The IEMRC 6th Annual Conference

Loughborough, UK, 21st September 2011

 

Professor Paul ConwayOn a bright September morning, over 130 delegates from industry and academia gathered at Holywell Park Conference Centre, at the University of Loughborough in the East Midlands of England, for the 6th Annual Conference of the Innovative Electronics Manufacturing Research Centre, the UK’s internationally recognised provider of world-class electronics manufacturing research.

Academic Director Professor Paul Conway welcomed delegates, briefly reviewed the aims and objectives of the IEMRC, and was pleased to confirm that funding until 2015 had been secured. He introduced the keynote speaker Professor Jim Morris, who was directing research into electrically conductive adhesives, nanoelectronics and nanopackaging at Portland State University in Oregon USA.

 

Professor MorrisProfessor Morris gave a fascinating insight into some applications of nanotechnology in electronics packaging. “When is a metal not a metal?” he asked when describing the characteristics of metal nanoparticles. “You can’t talk about the conductivity of two atoms!” Provided they were larger than about 12 atoms in size, approximately 1 nanometer, metal particles did indeed exhibit metallic properties but because of their very high surface to volume ratio and high surface energy very small particles had a tendency to merge together by mechanisms such as Ostwald ripening, sintering or liquid-like coalescence, and these phenomena could cause problems in nanoparticle technology. However, melting-point depression effects could be potentially turned to advantage in lead-free soldering: there was a possibility of a 5% reduction in melting point of a solder paste if the particle size could be reduced to the 5 nanometre level, although making particles this small was a real challenge.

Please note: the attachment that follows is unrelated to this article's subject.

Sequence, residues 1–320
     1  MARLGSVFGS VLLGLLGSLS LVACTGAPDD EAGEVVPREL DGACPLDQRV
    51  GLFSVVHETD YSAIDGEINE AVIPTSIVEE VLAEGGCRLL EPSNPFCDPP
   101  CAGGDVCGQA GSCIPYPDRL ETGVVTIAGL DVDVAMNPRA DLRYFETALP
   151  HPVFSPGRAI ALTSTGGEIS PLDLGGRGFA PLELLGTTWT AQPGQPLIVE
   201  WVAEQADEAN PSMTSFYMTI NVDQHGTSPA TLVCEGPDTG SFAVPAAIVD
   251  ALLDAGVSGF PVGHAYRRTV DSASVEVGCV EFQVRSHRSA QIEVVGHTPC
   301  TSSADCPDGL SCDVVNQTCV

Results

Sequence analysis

There was considerable scope for using printed silver nanoparticle paste as a means of electronic interconnection. In principle the particles were capable of being sintered at very low temperatures once the carrier material was removed and Professor Morris described a process based on jetting paste on to the substrate, drying, removing the carrier by immersion in methanol then sintering at 60ºC. There were also opportunities for filling PCB microvias by nanoparticle sintering.